One of the most famous revolutions in history, the American Revolution (1775-1783) was the political upheaval in which 13 distinct colonies in North America banded together to cast off British rule, forming the United States of America.
But what brought about the Revolution? The trouble began after the Seven Years War between France and Great Britain. Tensions brewed after the Boston Massacre, and in December 1773 the Boston Tea Party induced the British to pass the Coercive Acts.
The Intolerable Acts or the Coercive Acts are names used to describe a series of laws passed by the British Parliament in 1774 relating to Britain's colonies in North America. The acts triggered outrage and resistance in the Thirteen Colonies that later became the United States, and were important developments in the growth of the American Revolution. Four of the acts were issued in direct response to the Boston Tea Party of December 1773; the British Parliament hoped these punitive measures would, by making an example of Massachusetts, reverse the trend of colonial resistance to parliamentary authority that had begun with the 1765 Stamp Act.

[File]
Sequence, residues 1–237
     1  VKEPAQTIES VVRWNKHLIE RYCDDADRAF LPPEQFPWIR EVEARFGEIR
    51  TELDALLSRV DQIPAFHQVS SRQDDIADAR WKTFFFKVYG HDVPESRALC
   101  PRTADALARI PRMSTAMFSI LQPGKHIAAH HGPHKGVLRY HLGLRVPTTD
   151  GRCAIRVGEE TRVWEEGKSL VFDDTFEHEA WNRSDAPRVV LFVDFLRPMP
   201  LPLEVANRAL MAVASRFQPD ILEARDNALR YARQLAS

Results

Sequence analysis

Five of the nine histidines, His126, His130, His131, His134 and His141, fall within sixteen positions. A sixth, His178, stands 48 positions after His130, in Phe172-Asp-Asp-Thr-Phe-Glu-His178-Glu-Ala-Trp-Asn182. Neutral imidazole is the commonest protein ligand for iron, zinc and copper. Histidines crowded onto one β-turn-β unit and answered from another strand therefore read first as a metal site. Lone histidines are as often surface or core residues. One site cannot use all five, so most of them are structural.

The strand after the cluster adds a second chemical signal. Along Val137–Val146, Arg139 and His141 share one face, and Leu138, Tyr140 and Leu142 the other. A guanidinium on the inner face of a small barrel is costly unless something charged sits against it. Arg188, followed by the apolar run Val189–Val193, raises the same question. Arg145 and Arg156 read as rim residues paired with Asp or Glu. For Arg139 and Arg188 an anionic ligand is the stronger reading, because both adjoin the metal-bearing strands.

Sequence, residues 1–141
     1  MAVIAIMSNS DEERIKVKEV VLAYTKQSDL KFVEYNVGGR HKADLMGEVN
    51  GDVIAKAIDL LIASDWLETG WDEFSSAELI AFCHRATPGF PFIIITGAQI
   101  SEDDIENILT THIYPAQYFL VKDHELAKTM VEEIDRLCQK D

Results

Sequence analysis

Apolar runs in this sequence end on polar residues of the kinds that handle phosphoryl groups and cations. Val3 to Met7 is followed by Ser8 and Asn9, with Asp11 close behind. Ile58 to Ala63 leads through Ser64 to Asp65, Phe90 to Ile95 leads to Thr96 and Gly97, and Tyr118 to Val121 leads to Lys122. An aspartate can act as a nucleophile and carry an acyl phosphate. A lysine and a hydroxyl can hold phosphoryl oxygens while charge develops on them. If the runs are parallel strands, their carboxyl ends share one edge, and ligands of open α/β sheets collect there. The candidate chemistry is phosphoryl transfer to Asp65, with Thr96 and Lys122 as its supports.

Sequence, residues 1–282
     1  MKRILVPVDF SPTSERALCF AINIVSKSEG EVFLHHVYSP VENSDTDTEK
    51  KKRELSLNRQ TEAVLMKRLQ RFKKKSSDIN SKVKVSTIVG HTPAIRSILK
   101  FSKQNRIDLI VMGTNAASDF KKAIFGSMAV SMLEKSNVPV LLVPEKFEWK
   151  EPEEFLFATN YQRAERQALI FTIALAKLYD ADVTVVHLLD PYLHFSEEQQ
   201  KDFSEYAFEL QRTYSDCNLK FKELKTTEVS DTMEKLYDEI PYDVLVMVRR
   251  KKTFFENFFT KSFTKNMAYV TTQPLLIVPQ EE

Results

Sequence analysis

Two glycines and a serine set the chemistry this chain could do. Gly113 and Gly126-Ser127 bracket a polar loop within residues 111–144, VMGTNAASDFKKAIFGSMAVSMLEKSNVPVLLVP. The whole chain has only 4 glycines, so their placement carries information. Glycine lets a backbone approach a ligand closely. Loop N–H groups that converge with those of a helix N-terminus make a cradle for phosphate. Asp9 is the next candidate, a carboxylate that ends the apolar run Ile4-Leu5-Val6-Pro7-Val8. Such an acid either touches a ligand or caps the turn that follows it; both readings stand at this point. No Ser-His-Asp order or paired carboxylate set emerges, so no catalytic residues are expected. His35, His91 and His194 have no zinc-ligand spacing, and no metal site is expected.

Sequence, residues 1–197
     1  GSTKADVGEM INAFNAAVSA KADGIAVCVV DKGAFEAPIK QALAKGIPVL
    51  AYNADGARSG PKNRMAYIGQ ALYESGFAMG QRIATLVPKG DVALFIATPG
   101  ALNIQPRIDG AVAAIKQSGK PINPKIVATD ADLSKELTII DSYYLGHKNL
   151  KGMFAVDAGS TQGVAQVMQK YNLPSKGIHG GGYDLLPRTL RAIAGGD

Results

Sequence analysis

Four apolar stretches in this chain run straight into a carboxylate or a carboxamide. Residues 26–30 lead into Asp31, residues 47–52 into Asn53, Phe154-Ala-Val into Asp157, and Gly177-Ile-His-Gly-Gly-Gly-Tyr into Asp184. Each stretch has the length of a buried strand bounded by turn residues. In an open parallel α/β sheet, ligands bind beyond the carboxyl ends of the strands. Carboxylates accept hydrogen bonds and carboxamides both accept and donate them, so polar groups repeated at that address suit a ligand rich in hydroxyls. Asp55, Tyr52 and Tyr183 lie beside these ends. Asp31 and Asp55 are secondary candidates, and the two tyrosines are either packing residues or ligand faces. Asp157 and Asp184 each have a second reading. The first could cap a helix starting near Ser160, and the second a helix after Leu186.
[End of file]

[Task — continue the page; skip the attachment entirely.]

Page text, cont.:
Many colonists viewed the acts as an arbitrary violation of their rights, and in 1774 they organized the First Continental Congress to coordinate a protest. As tensions escalated, the American Revolutionary War broke out the following year, eventually leading to the creation of an independent United States of America.
This edition of the Coercive Acts is specially formatted with a Table of Contents, illustrations of King George III, Parliament, and more.
|Publisher:||Charles River Editors|
|Sold by:||Barnes & Noble|
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